Changes are imminent, with the implementation of the so-called two-pot system scheduled for 1 September 2024. From this date, all future contributions to pension funds, provident funds and RAs, including the Allan Gray Umbrella Retirement Fund and Allan Gray Retirement Annuity Fund, will be split into two components: One-third of the contributions will be credited to a savings component, and the remaining two-thirds will be credited to a retirement component.
At any point prior to retirement, members will be entitled to access a withdrawal of up to 100% of the amount that has been accumulated in the savings component, subject to a minimum withdrawal of R2 000. The retirement component will be inaccessible before you retire and, as per the current rules, must be used to purchase an income-bearing product in retirement, such as a living or guaranteed life annuity, which will provide you with an income after you retire.
It is also important to be aware that if you are ceasing tax residency in South Africa, you will only be able to access your RA or preservation fund benefits if you have not been a South African tax resident for an uninterrupted period of three years on or after 1 March 2021. Note that if you have not accessed your pre-retirement withdrawal benefit from your preservation fund, you will have immediate access to your benefit, as has always been the case.
Estate-planning limitations: RAs do not form part of your estate. Although you are encouraged to nominate beneficiaries to receive your benefit if you die while you are still invested in the product, the trustees of the fund are ultimately responsible for allocating your benefit.
Where do tax-free investments fit in?
A TFI is a great way to boost your savings and invest for the long term. Although you invest with after-tax money, you pay no tax on the interest, capital gains or dividends you earn, or on any withdrawals you make. The true benefit of a TFI is felt over the long term as tax-free returns compound.
There are, however, restrictions in terms of how much you can contribute, and the maximum amounts may not be enough for retirement. SARS allows taxpayers to save a maximum of R36 000 per tax year and R500 000 in your lifetime tax-free, and there are tax implications for overcontributing. Unlike the excess contribution treatment in RAs, you will incur a tax penalty of 40% on any amount over the contribution limits. This applies when you file your tax return, so you need to keep track of how much you’re contributing each year to your TFIs (across various service providers).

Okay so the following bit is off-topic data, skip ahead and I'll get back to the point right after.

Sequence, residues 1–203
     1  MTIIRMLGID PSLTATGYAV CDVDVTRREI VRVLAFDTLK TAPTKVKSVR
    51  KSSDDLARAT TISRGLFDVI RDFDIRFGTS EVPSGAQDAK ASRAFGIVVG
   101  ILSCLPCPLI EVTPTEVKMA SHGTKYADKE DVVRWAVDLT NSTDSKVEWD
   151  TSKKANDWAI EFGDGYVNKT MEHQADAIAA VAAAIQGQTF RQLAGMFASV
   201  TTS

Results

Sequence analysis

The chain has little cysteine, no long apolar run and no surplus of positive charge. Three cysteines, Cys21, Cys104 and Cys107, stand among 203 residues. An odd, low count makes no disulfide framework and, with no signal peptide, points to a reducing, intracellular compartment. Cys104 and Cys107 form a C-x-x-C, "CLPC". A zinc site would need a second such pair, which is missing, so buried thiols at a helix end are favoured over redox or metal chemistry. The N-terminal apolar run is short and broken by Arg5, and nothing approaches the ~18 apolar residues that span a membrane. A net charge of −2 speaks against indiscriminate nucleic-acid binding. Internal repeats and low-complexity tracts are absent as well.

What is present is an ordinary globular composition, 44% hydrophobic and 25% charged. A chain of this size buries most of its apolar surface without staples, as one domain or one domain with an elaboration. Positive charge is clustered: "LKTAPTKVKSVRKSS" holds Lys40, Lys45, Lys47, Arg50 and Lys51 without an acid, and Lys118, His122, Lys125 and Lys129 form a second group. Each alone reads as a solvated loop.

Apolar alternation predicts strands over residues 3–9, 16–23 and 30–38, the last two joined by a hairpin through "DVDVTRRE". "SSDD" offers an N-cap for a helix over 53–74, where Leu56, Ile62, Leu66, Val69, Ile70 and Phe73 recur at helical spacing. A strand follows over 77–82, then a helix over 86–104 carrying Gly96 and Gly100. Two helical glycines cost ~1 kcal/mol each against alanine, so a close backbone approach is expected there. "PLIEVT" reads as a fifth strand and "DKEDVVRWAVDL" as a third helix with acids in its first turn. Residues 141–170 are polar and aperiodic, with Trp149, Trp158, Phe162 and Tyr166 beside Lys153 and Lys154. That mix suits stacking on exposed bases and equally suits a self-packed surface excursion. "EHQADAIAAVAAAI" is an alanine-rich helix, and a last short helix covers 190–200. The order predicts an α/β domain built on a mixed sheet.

The true benefit of a TFI is felt over the long term as tax-free returns compound.
Many investors like TFIs because of their flexibility: Unlike in the case of RAs, there are no asset class restrictions, and you can access your investment at any point in time. However, any amount that you withdraw cannot be recontributed. While your TFI forms part of your estate, if it is structured as a life policy, as is the case with the Allan Gray Tax-Free Investment, the investment can be paid to your beneficiaries immediately, and there are no executor fees.
Different products have different advantages and disadvantages, as we discussed in our Q2 2023 Allan Gray Quarterly Commentary, and tax efficiency cannot be looked at in isolation – you also need to consider each product’s suitability and flexibility. Table 1 summarises the role of RAs, TFIs and basic unit trust investments, along with their flexibility and tax rules.
It is not necessarily an either/or decision; combining an RA with a TFI might provide the best outcome from a liquidity and tax-saving perspective, since one may argue that it offers the best of both worlds. TFI accounts offer less tax savings and are capped at a lower amount, but are less restrictive.
From a retirement savings perspective considering the income provided in retirement, in most cases, RAs offer the best deal. However, you need to be able to live with the restrictions.
Maximise the benefits before the end of February
Remember, annual tax benefits are forfeited if you don’t make use of them before the deadline. The current tax year will come to an end on 29 February 2024.
If you are planning to make use of the tax concessions for the 2023/2024 tax year by starting a new RA or TFI, or by making an additional contribution to an existing account, please make sure we receive your instruction, supporting documents and payment well in advance of the deadlines shown in Table 2.